The week for me will kick off on Sunday morning with the Talyst Users Group meeting followed by a session on RFP’s and contracts put on by the ASHP Section of Pharmacy Informatics and Technology’s Advisory Group on Pharmacy Operations Automation. I’ll round out Sunday’s activities by attending the McKesson Safe Compounding Reception. And it will only get better from there as the week will be filled with sessions on clinical decision support, barcoding, telepharmacy, the application of social media to pharmacy, and so on and so forth.  My week will conclude with the session titled mHealth: There’s an App for That where I will be presenting information on the integration of the iPad into pharmacy services.

The information I’m presenting was pretty cutting edge at the time I submitted the slides, but is now clearly dated. That’s the downside of having to submit presentation slides so far in advance. Anyway, it should still be worth the time and effort. I’ve always found it educational for myself to present information to people as someone always has something interesting to add or a good question to stimulate the thought process.

I’m looking forward to the next five days. I’ll be Tweeting (@jfahrni) as much of the event as possible in addition to posting about the day’s activities whenever feasible. I hope to see you there. If you’d like to get together and talk a little pharmacy informatics/automation don’t hesitate to give me a Buzz, Tweet or email.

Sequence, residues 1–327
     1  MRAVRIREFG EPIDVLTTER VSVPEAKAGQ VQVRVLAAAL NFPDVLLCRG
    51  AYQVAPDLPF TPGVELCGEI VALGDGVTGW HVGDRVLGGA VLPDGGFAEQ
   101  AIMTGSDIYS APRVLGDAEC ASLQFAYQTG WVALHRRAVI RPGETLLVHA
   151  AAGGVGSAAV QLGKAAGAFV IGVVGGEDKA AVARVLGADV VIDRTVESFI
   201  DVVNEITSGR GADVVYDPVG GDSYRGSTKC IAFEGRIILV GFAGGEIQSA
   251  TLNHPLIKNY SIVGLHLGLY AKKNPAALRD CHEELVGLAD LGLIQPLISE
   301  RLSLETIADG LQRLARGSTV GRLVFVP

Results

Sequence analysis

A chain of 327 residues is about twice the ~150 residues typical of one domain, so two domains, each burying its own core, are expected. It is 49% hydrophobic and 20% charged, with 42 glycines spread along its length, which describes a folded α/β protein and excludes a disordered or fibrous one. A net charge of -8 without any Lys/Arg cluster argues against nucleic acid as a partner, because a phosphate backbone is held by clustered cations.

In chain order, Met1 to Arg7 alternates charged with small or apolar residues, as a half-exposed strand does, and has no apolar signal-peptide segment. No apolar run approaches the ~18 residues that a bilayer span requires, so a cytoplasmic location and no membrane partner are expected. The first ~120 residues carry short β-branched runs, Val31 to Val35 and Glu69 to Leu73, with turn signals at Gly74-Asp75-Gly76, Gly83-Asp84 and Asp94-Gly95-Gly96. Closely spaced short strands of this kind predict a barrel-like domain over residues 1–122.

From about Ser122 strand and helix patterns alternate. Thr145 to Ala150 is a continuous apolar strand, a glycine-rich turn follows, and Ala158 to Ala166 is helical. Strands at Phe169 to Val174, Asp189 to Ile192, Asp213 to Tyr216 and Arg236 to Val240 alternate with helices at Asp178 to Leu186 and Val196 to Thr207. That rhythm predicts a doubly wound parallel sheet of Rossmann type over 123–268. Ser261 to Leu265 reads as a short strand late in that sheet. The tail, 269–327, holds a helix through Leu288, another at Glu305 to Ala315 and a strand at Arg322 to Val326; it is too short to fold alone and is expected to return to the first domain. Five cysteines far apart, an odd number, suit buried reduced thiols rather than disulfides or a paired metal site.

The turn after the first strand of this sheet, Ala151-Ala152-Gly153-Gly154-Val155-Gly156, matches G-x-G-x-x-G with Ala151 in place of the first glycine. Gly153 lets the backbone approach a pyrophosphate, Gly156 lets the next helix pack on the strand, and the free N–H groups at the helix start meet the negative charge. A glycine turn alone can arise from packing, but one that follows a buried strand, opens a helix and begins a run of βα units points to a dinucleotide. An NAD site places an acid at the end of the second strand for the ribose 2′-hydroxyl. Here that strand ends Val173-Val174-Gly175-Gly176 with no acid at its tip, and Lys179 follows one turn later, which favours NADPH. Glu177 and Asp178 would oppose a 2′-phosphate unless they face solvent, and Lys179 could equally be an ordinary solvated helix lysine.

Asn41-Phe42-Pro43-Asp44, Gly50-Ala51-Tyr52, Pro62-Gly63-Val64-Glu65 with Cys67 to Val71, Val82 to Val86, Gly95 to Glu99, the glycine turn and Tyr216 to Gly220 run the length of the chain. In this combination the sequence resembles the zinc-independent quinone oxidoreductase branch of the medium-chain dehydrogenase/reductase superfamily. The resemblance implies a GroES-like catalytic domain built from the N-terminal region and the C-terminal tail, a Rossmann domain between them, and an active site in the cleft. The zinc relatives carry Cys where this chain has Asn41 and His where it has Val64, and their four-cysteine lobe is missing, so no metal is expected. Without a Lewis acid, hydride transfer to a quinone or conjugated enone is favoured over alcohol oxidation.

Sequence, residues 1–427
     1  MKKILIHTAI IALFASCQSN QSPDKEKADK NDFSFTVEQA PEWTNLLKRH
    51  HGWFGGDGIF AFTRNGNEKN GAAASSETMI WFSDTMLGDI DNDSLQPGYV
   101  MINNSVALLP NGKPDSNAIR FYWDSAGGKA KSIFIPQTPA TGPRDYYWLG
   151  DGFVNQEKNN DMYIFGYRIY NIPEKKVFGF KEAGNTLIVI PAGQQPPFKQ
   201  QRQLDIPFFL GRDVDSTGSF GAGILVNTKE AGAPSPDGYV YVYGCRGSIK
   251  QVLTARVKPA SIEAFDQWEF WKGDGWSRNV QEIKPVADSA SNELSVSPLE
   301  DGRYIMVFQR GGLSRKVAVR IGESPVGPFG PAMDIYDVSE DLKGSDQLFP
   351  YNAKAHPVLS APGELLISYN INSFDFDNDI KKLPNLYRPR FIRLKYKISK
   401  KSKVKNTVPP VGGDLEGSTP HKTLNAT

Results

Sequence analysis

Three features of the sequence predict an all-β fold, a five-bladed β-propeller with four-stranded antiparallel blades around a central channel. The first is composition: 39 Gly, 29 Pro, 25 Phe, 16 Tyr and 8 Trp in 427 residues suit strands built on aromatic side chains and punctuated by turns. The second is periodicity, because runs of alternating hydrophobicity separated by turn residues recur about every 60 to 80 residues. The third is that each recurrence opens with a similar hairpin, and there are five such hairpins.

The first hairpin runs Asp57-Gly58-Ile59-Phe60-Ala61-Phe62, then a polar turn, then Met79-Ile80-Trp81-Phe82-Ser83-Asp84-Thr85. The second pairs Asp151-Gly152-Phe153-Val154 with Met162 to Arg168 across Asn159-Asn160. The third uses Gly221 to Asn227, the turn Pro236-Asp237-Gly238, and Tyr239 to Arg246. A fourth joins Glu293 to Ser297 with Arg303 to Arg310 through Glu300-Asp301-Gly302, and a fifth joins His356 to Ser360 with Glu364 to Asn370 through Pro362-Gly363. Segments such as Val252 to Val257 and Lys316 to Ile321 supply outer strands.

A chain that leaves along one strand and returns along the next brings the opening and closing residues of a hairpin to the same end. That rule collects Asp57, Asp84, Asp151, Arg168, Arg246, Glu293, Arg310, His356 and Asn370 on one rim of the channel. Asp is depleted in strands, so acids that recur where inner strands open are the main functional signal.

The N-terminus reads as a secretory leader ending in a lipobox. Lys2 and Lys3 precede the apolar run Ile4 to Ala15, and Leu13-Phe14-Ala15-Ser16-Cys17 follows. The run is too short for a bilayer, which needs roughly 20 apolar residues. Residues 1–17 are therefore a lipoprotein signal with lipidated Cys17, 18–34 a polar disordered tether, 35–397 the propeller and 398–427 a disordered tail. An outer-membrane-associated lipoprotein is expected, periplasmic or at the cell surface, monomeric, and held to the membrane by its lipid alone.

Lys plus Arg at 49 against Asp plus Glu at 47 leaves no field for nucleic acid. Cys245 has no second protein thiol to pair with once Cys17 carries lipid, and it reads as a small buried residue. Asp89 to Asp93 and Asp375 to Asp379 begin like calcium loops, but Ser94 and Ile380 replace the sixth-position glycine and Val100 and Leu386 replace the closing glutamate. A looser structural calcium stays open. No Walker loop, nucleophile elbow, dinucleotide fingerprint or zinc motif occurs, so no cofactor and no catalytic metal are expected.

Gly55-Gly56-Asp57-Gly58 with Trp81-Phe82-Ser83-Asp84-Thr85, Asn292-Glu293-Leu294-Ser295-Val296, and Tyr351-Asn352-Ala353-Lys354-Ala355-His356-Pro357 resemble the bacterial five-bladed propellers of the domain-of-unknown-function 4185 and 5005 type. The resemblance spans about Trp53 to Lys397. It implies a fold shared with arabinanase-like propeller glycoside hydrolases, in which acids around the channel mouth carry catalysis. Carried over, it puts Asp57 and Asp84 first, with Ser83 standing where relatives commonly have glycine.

Who’s to blame for the lack of advancement in pharmacy automation and technology?

Without question there is a lack of advanced automation and technology in the acute care pharmacy setting. Spend some time in several acute care pharmacies if you don’t believe me. There’s clearly a need for it, but it’s just not being used.

I am a fan of automation and technology in any setting, but especially in the acute care pharmacy. I believe that the continued use, development and advancement of pharmacy technology should be a key component of any plan to change the current pharmacy practice model. Unfortunately, the situation is problematic because current pharmacy technology is either poorly designed for the needs of the pharmacy or the pharmacy in which it is used has a poorly designed workflow that doesn’t take advantage of it. Why is that? Who’s to blame; someone, anyone, no one? Valid questions.
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Pharmacovigilance, what’s in a name

I read an interesting discussion about pharmacovigilance (PV) software a few weeks ago on one of the pharmacy listservs I belong to. The conversation struck me as odd because much of it sounded an awful lot like a discussion on clinical decision support (CDS). This led me to wonder whether or not PV and CDS are the same thing, completely different or subsets of one another. I am not familiar with the term PV myself, so I set out to gather some information. And here’s what I found.
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Update: Siemens Innovations 2010 Presentation